Environmental Economics:

A sub-field of economics concerned with environmental issues. It has become a widely studied topic due to growing environmental concerns in the twenty-first century. Quoting from the National Bureau of Economic Research Environmental Economics program:

… Environmental Economics … undertakes theoretical or empirical studies of the economic effects of national or local environmental policies around the world … . Particular issues include the costs and benefits of alternative environmental policies to deal with air pollution, water quality, toxic substances, solid waste, and global warming. –

Environmental economics is distinguished from ecological economics in that ecological economics emphasizes the economy as a subsystem of the ecosystem with its focus upon preserving natural capital.[2] One survey of German economists found that ecological and environmental economics are different schools of economic thought, with ecological economists emphasizing “strong” sustainability and rejecting the proposition that natural capital can be substituted by human-made capital.

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Ecological economics

(Also called eco-economics, ecolonomy or bioeconomics of Georgescu-Roegen) is both a transdisciplinary and an interdisciplinary field of academic research addressing the interdependence and coevolution of human economies and natural ecosystems, both intertemporally and spatially. By treating the economy as a subsystem of Earth’s larger ecosystem, and by emphasizing the preservation of natural capital, the field of ecological economics is differentiated from environmental economics, which is the mainstream economic analysis of the environment.  One survey of German economists found that ecological and environmental economics are different schools of economic thought, with ecological economists emphasizing strong sustainability and rejecting the proposition that natural capital can be substituted by human-made capital (see the section on Weak versus strong sustainability  –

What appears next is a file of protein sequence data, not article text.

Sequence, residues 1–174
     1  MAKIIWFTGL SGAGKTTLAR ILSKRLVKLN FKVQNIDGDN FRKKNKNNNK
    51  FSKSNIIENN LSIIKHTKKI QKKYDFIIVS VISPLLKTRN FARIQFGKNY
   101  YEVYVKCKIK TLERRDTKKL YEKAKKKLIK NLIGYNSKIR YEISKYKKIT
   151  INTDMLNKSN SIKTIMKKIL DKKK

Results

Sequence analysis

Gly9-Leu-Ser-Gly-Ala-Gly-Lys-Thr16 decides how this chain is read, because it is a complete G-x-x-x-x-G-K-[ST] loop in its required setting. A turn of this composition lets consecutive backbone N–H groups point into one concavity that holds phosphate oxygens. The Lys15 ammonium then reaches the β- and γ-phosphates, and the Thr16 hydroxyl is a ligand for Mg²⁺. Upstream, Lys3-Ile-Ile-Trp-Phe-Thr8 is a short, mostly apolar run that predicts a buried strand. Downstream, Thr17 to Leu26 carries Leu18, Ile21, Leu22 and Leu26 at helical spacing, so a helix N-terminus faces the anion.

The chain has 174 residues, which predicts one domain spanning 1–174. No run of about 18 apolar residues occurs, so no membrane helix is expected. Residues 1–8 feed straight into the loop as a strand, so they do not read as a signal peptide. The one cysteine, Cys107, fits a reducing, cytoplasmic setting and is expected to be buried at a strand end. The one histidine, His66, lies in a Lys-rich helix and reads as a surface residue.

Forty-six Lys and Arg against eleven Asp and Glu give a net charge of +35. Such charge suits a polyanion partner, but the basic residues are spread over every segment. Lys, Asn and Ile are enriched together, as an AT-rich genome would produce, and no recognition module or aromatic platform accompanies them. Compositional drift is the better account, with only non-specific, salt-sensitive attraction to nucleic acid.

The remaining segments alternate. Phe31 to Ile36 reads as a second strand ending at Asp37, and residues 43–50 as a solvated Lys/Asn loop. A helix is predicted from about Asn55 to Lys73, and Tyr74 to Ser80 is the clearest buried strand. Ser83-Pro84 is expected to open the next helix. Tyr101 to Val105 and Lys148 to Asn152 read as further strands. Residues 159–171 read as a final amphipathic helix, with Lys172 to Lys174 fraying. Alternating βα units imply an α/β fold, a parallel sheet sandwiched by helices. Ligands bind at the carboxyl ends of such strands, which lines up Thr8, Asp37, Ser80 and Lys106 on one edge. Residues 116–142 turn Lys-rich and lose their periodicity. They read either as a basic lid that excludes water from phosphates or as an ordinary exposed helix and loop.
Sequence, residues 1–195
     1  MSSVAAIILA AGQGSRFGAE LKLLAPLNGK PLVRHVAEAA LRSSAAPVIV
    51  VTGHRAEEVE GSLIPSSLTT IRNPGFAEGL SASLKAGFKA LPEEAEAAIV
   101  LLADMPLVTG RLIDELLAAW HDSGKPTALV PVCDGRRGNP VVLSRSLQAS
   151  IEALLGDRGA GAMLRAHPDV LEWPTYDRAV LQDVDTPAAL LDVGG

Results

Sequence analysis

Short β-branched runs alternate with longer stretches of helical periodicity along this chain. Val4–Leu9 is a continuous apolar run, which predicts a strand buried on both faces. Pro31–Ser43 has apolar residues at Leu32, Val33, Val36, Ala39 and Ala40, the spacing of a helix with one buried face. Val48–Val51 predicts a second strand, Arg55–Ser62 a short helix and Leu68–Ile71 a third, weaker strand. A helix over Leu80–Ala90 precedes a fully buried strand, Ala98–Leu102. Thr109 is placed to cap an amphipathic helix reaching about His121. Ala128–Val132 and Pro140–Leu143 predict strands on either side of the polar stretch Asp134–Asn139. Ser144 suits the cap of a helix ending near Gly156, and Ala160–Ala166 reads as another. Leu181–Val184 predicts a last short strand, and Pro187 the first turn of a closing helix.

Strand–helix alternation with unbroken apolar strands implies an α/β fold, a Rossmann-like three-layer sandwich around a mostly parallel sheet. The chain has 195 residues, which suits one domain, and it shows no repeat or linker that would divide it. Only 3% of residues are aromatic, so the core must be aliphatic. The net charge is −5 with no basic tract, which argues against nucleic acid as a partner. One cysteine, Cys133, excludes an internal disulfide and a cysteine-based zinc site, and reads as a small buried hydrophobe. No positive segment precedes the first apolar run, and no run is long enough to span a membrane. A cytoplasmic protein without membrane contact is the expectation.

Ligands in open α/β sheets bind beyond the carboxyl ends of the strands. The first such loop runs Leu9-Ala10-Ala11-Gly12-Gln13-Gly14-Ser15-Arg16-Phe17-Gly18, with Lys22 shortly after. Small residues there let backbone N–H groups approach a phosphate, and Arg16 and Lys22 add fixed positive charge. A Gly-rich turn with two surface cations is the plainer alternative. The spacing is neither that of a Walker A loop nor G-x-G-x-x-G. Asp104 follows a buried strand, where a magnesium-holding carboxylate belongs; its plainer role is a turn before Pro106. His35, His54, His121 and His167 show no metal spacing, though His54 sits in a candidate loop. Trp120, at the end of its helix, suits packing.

Ecological economics was founded in the 1980s as a modern discipline on the works of and interactions between various European and American academics (see the section on History and development below). The related field of green economics is, in general, a more politically applied form of the subject.
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